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Seven questions for examining the ethics of a business decision


Joel Dobbs.GIF

Joel H. Dobbs is the CEO and President of The Compass Talent Management Group LLC (CTMG), a consulting firm that assists organizations with the identification and development of key talent and with designing organizational strategies and structures to maximize their ability to compete in the business worlds of today and tomorrow. He is also an executive coach and serves as Executive in Residence at the University of Alabama at Birmingham School of Business. Joel is also a popular and frequent contributor to the Enterprise CIO Forum where a version of this article was first published.


“Ethics is knowing the difference between what you have a right to do and what is right to do.” – Potter Stewart


One of the things I quickly learned as I advanced in my career was that the higher I climbed, the more complex the decisions. Sometimes the potential financial implications of the decision required my involvement, but frequently the decisions that came to me did so because the issues were not “black and white” but were instead shades of grey.  If you hire good people and delegate responsibly, the easy decisions will get made at lower levels. The ones that come to you will be the ones with many complex issues. In fact, sometimes there is no one “right” decision but a choice between several, each with upside and downside potential and many variables. Some are technical, some financial, and many, if not most, will have at least some ethical components. 


I have compiled a list of seven questions to assess the ethical implications of a business decision.  As a leader, I find that I can both model and teach these to those who work for me and with me. 


1. Have you defined the problem or issue accurately?  All too often our egos prevent us from asking the “dumb” or obvious questions.  We assume that we already understand all of the issues when in fact we really don’t.  Ask plenty of clarifying questions to make sure that you really grasp all of the facts. Play back your understanding to those closest to the issues. Making the right decision about the wrong thing can lead to disaster.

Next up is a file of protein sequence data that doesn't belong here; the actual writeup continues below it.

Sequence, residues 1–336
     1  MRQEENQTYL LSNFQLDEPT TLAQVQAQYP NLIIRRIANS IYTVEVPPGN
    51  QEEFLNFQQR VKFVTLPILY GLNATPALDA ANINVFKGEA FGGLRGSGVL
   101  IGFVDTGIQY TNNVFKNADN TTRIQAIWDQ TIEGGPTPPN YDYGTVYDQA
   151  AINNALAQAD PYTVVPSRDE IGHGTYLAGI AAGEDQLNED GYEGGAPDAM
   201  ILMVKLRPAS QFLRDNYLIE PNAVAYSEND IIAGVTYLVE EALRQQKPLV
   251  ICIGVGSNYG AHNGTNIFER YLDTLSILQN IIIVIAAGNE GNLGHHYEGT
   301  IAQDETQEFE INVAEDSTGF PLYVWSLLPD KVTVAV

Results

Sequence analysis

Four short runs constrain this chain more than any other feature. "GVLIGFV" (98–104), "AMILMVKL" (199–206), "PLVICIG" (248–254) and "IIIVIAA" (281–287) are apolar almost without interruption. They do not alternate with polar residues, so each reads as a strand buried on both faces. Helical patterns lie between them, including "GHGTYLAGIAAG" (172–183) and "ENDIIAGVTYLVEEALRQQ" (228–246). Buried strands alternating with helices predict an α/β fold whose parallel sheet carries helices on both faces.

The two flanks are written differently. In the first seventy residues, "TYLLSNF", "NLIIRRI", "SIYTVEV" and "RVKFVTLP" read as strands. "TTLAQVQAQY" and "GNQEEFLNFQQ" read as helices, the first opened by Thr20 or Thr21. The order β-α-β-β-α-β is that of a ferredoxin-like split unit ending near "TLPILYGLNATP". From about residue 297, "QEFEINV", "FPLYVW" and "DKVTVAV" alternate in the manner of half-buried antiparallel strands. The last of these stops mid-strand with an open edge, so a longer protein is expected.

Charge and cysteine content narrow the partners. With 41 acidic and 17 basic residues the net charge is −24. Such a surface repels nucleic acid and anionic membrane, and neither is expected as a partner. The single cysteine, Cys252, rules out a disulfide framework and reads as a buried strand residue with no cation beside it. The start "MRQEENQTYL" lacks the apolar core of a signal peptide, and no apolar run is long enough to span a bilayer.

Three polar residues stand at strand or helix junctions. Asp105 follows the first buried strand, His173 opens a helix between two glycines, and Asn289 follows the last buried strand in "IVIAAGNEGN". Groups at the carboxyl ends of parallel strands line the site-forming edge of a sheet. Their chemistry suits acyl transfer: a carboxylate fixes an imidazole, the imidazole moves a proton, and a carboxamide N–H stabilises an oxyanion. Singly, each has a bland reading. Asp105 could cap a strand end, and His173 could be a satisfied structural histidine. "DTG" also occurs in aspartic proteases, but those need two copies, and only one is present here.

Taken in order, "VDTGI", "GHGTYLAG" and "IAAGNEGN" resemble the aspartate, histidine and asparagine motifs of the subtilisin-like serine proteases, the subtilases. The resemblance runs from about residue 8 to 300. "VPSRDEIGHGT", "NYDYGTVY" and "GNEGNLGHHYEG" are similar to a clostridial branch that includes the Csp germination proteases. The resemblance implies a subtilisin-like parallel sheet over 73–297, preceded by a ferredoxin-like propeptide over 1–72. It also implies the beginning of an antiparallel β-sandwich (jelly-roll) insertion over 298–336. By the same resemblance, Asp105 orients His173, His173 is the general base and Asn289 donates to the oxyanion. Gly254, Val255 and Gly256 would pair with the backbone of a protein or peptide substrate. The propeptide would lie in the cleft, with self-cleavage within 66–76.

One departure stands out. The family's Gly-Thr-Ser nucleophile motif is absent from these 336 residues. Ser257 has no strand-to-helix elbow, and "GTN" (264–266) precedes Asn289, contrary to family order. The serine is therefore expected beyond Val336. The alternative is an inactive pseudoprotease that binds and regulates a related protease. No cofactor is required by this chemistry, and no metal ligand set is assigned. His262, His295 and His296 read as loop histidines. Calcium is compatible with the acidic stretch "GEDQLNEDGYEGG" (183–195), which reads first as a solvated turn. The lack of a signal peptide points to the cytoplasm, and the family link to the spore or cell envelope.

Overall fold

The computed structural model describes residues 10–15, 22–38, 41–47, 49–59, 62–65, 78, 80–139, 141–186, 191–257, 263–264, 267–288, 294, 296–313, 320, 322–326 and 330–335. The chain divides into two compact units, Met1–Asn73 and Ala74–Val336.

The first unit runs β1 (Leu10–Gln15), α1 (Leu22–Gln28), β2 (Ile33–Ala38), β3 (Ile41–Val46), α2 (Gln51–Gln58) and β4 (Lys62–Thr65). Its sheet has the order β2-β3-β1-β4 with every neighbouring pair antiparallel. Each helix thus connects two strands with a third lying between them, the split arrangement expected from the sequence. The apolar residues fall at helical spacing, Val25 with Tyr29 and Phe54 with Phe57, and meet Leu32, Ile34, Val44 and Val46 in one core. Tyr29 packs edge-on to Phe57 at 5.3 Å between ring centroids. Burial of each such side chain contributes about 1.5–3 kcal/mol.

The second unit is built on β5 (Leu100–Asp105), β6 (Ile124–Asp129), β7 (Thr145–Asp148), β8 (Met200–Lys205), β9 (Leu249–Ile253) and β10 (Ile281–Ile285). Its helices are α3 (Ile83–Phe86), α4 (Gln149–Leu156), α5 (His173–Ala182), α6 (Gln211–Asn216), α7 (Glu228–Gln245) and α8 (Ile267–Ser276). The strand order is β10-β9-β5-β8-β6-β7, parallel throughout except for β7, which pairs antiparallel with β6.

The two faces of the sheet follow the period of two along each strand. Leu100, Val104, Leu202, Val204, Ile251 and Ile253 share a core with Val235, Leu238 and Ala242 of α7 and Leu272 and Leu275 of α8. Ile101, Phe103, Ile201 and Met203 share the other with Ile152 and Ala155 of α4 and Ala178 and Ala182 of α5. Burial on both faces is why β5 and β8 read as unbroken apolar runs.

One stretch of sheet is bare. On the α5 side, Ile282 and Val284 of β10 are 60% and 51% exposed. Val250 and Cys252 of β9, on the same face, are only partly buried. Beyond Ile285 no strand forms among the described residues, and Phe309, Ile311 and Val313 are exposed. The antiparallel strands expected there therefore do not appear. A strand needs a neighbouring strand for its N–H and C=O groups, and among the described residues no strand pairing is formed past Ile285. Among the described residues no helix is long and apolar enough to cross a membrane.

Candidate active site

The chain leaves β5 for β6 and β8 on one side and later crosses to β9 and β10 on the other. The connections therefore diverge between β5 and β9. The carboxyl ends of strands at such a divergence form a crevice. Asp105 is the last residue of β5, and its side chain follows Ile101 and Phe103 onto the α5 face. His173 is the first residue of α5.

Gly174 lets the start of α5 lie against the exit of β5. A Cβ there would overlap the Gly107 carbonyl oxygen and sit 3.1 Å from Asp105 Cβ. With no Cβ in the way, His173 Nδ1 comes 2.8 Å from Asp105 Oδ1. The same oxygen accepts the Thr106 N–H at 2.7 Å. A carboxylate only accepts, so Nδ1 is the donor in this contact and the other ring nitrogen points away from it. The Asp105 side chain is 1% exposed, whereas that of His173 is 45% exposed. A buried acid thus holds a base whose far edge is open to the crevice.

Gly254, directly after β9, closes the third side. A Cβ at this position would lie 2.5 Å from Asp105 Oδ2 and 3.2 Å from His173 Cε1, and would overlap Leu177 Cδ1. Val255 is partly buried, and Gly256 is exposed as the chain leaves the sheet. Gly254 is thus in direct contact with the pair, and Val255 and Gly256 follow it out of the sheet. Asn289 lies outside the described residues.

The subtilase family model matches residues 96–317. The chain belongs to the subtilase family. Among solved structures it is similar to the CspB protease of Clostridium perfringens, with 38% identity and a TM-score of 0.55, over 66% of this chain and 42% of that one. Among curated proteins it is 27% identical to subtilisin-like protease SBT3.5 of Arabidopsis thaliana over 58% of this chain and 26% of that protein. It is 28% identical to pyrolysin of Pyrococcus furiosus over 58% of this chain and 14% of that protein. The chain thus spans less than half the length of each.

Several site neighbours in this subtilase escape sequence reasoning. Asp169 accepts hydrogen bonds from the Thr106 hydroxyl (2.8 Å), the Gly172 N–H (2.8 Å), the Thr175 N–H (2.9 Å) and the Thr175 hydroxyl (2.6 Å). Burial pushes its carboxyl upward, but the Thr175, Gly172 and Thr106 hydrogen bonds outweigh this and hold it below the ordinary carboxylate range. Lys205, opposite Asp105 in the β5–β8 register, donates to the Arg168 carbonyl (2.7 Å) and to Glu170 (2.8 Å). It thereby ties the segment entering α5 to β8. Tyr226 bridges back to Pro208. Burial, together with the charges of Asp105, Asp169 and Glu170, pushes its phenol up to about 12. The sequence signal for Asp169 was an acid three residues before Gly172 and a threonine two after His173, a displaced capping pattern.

2. Would you view the situation differently if the roles were reversed? Put yourself in the other party’s place and ask how you would feel and react of you were in their place. Would you be angry, defensive or feel cheated?  If so, rethink your position.  Applying the “Golden Rule” can be an effective test for fairness.


3. Could your decision or action harm or damage anyone in any way? In some industries a wrong or negligent decision can literally inflict bodily harm.  In other situations the harm could be financial or reputational. Will any person or any organization be harmed by your decision? When it comes to “grey area” decisions, the law of unintended consequences looms large.


4. Will your decision stand the test of time? How will your decision look a month or a year from now?  We are frequently pressured to make decisions to mitigate an immediate situation without thought to the long-term consequences.  Don’t trade short-term gain for long-term pain.


5. Are you violating your conscience or personal values in any way? This may sound obvious but it can be easy to separate personal values from business priorities in the heat of the moment. Take a minute to examine what you are deciding in light of who you are and what you value.  Never violate your conscience. If you do, your conscience will not let you forget it!